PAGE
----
Greener, Cleaner Spring Cleaning

Spring is here! Whether it feels like it or not, there is a psychological lift to just spotting a crocus or a daffodil and knowing that winter is officially over.  It may be too early to start gardening, but it’s not too early to start a thorough spring-cleaning!

Non-Toxic Cleaners

If you don’t already use non-toxic cleaners, now is the time to switch!  Indoor air pollution, partially caused by the use of chemical based cleaners, is a much more serious problem than people realize and one of the reasons for increased cases of asthma and allergies, among other diseases. Fortunately you can find several brands of greener, ‘‘cleaner” cleaning supplies at your local grocery store; many of the conventional brands are now making a less toxic product as well.  Be sure to read the ingredients though; some products claim to be “natural” when they really aren’t. Visit Environmental Working Group’s Cleaners  database to check the toxicity of your brand and for the lowest toxicity cleaners.  Seventh Generation, Mrs. Myers, Ecover, are a few good ones.  Remember, you really don’t need a different product for each surface in your home.  That’s just marketing.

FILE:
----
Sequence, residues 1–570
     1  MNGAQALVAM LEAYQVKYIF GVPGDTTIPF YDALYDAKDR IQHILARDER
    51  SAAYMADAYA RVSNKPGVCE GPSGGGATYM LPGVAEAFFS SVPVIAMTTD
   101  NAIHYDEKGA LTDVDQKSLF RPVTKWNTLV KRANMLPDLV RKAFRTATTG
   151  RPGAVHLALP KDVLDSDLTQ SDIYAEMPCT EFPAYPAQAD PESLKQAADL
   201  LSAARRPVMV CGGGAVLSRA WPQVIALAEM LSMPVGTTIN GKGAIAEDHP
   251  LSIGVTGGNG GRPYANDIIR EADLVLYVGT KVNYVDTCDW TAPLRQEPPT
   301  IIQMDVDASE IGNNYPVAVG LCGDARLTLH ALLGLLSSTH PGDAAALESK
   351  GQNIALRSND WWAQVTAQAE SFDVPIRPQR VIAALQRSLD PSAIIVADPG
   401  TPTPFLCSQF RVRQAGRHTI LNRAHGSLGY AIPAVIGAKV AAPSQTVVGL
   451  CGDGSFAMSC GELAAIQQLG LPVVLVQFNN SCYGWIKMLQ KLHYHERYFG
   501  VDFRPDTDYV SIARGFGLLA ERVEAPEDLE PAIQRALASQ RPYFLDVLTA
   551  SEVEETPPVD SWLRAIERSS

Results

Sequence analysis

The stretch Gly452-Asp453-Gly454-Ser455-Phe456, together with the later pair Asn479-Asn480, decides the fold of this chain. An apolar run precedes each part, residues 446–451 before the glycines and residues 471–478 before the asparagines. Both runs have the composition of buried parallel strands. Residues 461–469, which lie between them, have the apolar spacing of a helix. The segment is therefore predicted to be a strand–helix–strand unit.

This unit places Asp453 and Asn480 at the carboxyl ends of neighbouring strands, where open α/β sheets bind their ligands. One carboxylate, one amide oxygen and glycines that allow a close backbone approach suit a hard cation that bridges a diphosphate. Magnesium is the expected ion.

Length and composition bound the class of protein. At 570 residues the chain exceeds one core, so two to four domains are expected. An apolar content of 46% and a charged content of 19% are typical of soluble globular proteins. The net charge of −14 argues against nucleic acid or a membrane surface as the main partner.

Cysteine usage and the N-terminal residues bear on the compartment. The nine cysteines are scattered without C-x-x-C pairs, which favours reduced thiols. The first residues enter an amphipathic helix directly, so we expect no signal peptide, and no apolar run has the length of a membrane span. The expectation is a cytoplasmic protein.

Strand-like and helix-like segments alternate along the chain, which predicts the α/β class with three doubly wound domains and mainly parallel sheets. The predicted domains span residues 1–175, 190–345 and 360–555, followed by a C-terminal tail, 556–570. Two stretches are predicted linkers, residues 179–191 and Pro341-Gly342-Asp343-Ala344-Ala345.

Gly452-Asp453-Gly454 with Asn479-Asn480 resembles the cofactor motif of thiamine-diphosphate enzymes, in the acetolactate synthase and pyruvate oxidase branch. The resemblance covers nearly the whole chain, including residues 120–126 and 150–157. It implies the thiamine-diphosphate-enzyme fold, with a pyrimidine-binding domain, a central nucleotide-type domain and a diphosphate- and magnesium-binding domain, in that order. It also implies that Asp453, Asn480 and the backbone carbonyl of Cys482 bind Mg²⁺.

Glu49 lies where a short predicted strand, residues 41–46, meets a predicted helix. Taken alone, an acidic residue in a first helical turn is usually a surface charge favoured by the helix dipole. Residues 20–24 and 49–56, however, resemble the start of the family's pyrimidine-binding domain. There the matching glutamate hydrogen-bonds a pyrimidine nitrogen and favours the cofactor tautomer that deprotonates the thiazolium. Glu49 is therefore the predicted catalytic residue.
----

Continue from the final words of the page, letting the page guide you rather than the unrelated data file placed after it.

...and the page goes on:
Make Your Own Cleaners

Making your own cleaning supplies using baking soda, vinegar, and lemon juice is a fun and easy option too!  Baking soda cleans nearly everything from stained kitchen sinks to mildewed showers to tea stained coffee mugs to flatware to fruit or even teeth, and it’s cheap!  White vinegar works great on hardwood floors.  Easy, long-lasting microfiber cloths lift off dirt, dust and grime with no need for additional products.  Don’t be fooled into thinking that if there is no “clean” smell, then it’s not effective – fragrances are part of the chemical danger. (Organic cleaners with safe, natural essential oils are an exception.)

Recipe for All-Purpose Cleaner

All-Purpose Cleaner: Mix 1/2 cup vinegar and 1/4 cup baking soda (or 2 teaspoons borax) into 1/2 gallon (2 liters) water. Store and keep. Use for removal of water deposit stains on shower stall panels, bathroom chrome fixtures, windows, bathroom mirrors, countertops etc.  Keep out of reach of children.

For more green living tips, visit greenwithbetsy.com.

Gardening with Baking Soda

 

 

Cheap, effective and OG (the original “green”), baking soda bakes, cleans, heals, disinfects, scrubs, deodorizes, exfoliates, and brightens just about everything in the home.  But did you know baking soda works in the garden too?

 

 

I recently came across the following fabulous tips from plantcaretoday.com.

1. Make a Non-Toxic Fungicide

Mix 4 teaspoons of baking soda and 1 gallon of water. Use on roses for black spot fungus and also on grapes and vines when fruit first begins to appear.

2. Spray to Treat and Prevent Powdery Mildew

Powdery mildew is causing major problems with impatiens this year, but also can be a problem for other plants, like lilacs, cucumbers, squash and zinnias.